Now framing wise can you just step in for me? So when we actually crop it we’re going to crop off the top of the head here, here and here. But that’s not how we’re going to actually take the photograph. I want to give myself a little bit of leeway around the outside. In case, I need to straighten it. Or, I can manipulate the image a little bit more if I do that. So I don’t actually photograph the size that you want. Give yourself a little bit of movement because that’s a mistake that a lot of people start out with. They look through the lens and you’ll photograph “Oh! This is my framing” then move back a little bit and give yourself a little bit of leeway.
Also when shooting, it’s important that you don’t just keep clicking for the sake of it. You always wait for the model to change that expression. And usually, Lauren’s amazing at this. She will change after the click. So I’ll give a click and then she’ll change. If it’s a brand new model, it’s good. You can communicate with them you say great. And give me something else. Take a photograph and then oh try this and try and get them to change their face slightly or their motion each time.
Now this is a really great trick that we can always use and you don’t always use the photographs from it but you can say to the model. Face this side and then you’re going to turn their head back to me. So now I’ve got them to look to the side. Now even if you want a straight on headshot. This is great to work with a model and talk to them like this because it gets them to free up and be a little bit looser as they work. Then you can put them back into the position that you want. So right now we’re doing standing head shots which is really simple. They feel really comfortable. And it’s always good for standing to look at their spine. It’s easy for somebody to be like this when they’re doing headshots always get them to open up their shoulders. We’re shooting a dancer. We don’t have that problem today. Awesome. So the twist slightly to the other side you know which is your best side now. That was just some people know that like cool. So Tricia’s shoulders slightly so face me here. Great. And then bring your eyes to me. We’re going to do exactly the same. So face me over here and then bring your eyes to me this way.
So we switch things up a little bit now. Now she’s in a full on commercial look. And this is what’s really important is taking care of the wardrobe. A lot of the times as a photographer you think oh without that is going to show up and be fine. Fortunately, this guy knows exactly what she wants and how to do it. Rosie, who is recording now is also kind of my head of wardrobe. So she’s awesome at selecting things but is your job as a photographer to make sure. Figure out what the purpose of the photos are and also where they’re going to be shown. So she wanted a real commercial look. So this here for a commercial dance is absolutely perfect for right now in 2016. And this is what she needs. Still just a headshot. So we’re only worried about here up but. So we’ve completely changed the lock. And actually this time I’ve switched out lenses for this one. This is an icon 105 f2.8. I don’t, I often forget to get this one out but it’s actually probably my favorite lens for things essentially macro lens. You can get in super close to things. We’re going to use it headshots. The reason why it’s so great is, I can actually step further away from my model because the lens brings me in closer and it means that it’s going to crush the background even more. And you’re going to see with these photographs the model is going to look spectacular. This lens is crazy sharp as well. It’s amazing.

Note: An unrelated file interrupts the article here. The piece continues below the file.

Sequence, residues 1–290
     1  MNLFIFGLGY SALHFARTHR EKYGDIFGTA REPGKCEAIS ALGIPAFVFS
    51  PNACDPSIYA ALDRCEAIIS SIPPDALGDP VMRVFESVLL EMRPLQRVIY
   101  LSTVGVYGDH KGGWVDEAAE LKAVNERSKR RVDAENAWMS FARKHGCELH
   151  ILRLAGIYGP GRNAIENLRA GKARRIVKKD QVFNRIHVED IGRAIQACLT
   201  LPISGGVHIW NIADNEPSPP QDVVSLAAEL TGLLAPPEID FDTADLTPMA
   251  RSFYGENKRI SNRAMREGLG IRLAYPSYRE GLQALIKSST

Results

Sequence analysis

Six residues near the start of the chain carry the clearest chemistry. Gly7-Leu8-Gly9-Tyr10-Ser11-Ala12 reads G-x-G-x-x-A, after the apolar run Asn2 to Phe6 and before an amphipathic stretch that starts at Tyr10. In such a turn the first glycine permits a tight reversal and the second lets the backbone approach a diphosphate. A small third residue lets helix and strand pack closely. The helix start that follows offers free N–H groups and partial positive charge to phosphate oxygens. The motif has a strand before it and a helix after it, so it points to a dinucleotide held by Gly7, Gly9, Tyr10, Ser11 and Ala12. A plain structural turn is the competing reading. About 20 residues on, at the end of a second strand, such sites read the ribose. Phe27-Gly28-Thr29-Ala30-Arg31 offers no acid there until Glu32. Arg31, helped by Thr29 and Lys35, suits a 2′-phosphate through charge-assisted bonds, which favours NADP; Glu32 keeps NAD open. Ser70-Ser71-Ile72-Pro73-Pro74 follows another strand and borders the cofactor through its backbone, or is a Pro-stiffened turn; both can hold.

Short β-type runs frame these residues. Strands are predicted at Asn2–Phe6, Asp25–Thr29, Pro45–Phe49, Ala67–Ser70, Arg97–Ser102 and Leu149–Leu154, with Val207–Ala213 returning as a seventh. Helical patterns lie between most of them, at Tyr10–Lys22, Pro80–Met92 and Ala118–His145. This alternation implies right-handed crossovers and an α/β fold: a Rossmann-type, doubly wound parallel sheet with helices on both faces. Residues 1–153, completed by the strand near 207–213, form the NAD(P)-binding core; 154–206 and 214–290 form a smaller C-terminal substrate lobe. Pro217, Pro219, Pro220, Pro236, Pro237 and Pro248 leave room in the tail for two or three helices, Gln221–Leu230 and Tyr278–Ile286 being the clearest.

So if I look a little hot and sweaty. Now that’s because we just took about a 45-minute break because I forgot this little thing here which controls my life. Don’t do that when you shoot. So we just decided to switch it up a little and do some high fashion stuff what we’re doing now is we’re shooting with an Allen complex are a 500 speed light and not a speed light on a light.
Before we did headshots it was very relaxed and very not too many angles. Now, it’s the exact opposite. A step back towards the wall. Beautiful. I like that a lot. Scoot back a little bit for me. You be open forward and we head down. Just chin down, just a little look at the lens. That’s going to say I’m going to sort out.
Just going to pull it back. Want to get all of your beautiful necklines. Let’s go to the rocks. So now we’ve done inside. We’re going to go outside and there are some awesome rocks and this one we’re going to balance the Flash against the sky. We set the camera up to expose for the sky which is really bright.
That would make the model really dark. And then we add in the flash, which is going to light her up and make her look spectacular. It’s going to be fun but we’re going to do all of this in about 10 minutes because it’s so hot to make sure the model does not get sweaty.